Are you sitting down? Good. Call a friend, because I’m not sure you can handle this news on your own.
According to Enrique Rojas of ESPN Deportes, Jose Guillen will retire if he doesn’t receive a contract offer in the next week.
“Today I have authorized my agent to explore the market and see if there is any interest in an outfielder and designated hitter,” Guillen told ESPNdeportes.com on Tuesday from the Dominican Republic. “If in a week no offers, then I will retire permanently from baseball,” he added.
If Guillen was anything close to a desirable player, I believe we could call that an ultimatum. Sadly, he is not.
Guillen, who turns 35 in May, was bothered by a neck injury down the stretch last season and finished the regular season with just one hit over his final 21 at-bats. After he was left off the Giants’ postseason roster, we learned that Guillen allegedly had packages of human growth hormone (HGH) sent to an address registered to his wife in September. The case is still pending, but considering that MLB could still levy some sort of punishment down the road, it’s unlikely any team will want that headache.
If this is truly the end for Guillen, he’ll hang ’em up with a .270 lifetime batting average to go along with 214 home runs and 887 RBI over 14 major league seasons.
Did you have a bad day? It’s OK. We all do sometimes. It’s just part of life. Even ballplayers have bad days. Even the good ones.
Odubel Herrera is a good one. He’s only 25, but he’s already got two seasons of above average hitting under his belt. Dude gets on base. He could be a regular for tons of teams, so there’s no shame at all in him having a bad day. And boy howdy did he have a bad day today. He went 0-for-5 with five strikeouts in the Phillies extra innings win against the Rockies.
“I feel that I am making good swings but I’m just missing the pitches,” Herrera said.
Well, that is how strikeouts work.
Four strikeouts in a game is known as a Golden Sombrero. Players don’t strike out five times in a game very often so they don’t have an agreed upon name, but I’ve seen it referred to as the “platinum sombrero,” which seems pretty solid for such a feat. Six is a titanium sombrero or a double platinum sombrero, though there are references to it as a “Horn,” for Sam Horn, who deserves something to be named in his honor. Horn is like Moe Greene — a great man, a man of vision and guts — yet there isn’t even a plaque, or a signpost or a statue of him!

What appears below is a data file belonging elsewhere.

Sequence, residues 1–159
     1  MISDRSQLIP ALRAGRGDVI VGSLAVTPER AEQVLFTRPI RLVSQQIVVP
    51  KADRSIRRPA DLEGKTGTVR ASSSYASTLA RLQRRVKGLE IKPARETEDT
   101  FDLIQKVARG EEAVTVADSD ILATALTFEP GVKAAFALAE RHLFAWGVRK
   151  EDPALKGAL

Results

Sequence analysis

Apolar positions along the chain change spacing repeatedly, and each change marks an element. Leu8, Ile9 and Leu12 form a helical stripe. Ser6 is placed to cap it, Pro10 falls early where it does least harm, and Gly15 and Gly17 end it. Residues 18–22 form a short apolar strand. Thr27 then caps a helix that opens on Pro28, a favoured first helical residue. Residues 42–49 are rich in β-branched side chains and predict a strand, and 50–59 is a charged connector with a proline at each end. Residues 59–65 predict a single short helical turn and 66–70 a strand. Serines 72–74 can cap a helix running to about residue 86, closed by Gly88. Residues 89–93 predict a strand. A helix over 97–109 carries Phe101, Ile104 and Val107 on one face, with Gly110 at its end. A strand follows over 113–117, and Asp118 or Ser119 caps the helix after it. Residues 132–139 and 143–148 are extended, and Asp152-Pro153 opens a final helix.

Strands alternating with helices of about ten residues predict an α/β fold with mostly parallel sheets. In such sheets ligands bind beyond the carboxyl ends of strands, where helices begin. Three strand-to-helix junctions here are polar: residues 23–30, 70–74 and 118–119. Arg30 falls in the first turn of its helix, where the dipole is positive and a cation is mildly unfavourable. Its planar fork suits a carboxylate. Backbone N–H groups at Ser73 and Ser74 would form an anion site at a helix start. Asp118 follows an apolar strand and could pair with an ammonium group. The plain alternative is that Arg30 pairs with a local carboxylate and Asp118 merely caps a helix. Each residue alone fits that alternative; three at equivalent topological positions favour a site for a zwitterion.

But I digress.
The last time a Phillies player did it was when Pat Burrell K’d five times in September 2008. The Phillies won the World Series that year, of course, so maybe this is an omen. [looks at standings] Or maybe not.
Anyway, get a good night’s sleep tonight, Odubel. Shake it off. Tomorrow is another day.
NEW YORK (AP) Rachel Robinson will receive the Buck O’Neil Lifetime Achievement Award from baseball’s Hall of Fame on July 29, the day before this year’s induction ceremony.
She’s the wife of late Hall of Famer Jackie Robinson, who broke the major league color barrier in 1947. Rachel Robinson created the Jackie Robinson Foundation in 1973, a year after he husband’s death. Rachel Robinson, who turns 95 in July 19, headed the foundation’s board until 1996.
The O’Neil award was established in 2007 to honor individuals who broaden the game’s appeal and whose character is comparable to that of O’Neil. He played in the Negro Leagues, was a scout for major league baseball teams and helped establish the Negro Leagues Baseball Museum in Kansas City, Missouri.
The award was given to O’Neil in 2008, Roland Hemond in 2011 and Joe Garagiola in 2014.